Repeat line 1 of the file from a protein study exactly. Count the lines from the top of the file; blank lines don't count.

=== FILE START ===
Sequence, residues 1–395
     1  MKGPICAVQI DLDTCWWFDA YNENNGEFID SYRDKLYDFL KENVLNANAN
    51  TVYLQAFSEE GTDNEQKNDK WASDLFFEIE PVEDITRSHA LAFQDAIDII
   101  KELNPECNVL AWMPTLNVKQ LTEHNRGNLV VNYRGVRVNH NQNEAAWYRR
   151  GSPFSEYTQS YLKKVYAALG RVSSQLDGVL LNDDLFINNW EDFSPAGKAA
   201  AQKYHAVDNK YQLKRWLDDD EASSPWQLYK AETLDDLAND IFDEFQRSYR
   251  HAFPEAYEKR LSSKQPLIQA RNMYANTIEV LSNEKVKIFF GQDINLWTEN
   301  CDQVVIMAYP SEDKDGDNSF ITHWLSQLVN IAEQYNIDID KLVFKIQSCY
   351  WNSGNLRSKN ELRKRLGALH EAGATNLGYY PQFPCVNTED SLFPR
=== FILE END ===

Sequence, residues 1–395